One of world sport's most venerable trophies, the Davis Cup, was returned to one of its more recent homes at the weekend. Spain's victory over the USA in the finals of this prestigious team tennis competition in Seville means that the Davis Cup will reside in Spain for the second time in four years. Spain won the competition for the first time in 2000.
The Davis Cup is one of the most famous trophies in world sport. It was commissioned by the legendary tennis patron Dwight Davis and was designed by an Englishman named Rowland Rhodes in New England, USA, in 1900. Nancy Kriplen, biographer of Dwight Davis, describes Rhodes' design in her book "Dwight Davis: The Man and the Cup": "Instead of a smooth rim, the top edge would be gently scalloped by a dramatic Georgian border of clusters of primroses and acanthus leaves, that traditional bit of shrubbery favoured by English silver designers. The primrose motif would be repeated around the bottom third of the bowl, this time combined with tiny buds and tendrils, all descending into a seafoam effect around the foot."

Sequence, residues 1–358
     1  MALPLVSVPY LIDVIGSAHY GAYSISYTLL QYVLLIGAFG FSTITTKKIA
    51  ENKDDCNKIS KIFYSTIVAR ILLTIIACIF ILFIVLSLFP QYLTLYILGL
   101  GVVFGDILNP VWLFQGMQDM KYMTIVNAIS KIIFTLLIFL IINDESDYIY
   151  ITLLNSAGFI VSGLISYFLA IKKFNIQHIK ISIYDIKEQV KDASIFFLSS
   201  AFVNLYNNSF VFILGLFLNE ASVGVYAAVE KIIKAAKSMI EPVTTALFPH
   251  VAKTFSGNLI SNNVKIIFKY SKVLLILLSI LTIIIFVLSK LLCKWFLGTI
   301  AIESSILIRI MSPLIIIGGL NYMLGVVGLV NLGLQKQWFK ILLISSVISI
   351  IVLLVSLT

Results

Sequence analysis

The finished trophy cup stood 13 inches (33cm) high and 18 inches (46cm) across at the top. Just over a century later, in 2002, the trophy gained a magnificent new plinth which added 16 additional plaques and castings and raised the height of the trophy and three-tier plinth to 43 inches (110cm).
Principle sponsor for the current Davis Cup is BNP Paribas, with a supporting list of partners that includes Adecco, Hugo Boss, Wilson, Kia Motors, COLT Telecom, Fossil, Getronics and NH Hoteles. Usually on SuccessRewarded we like to honour the sponsors and organisers of events, tournaments and awards. In this case, however, it is the founder and visionary of the Davis Cup, Dwight Davis, that still deserves the credit. So, for founding a tennis competition that is now one of the world's oldest and most prestigious sporting events, Dwight Davis ... we salute you!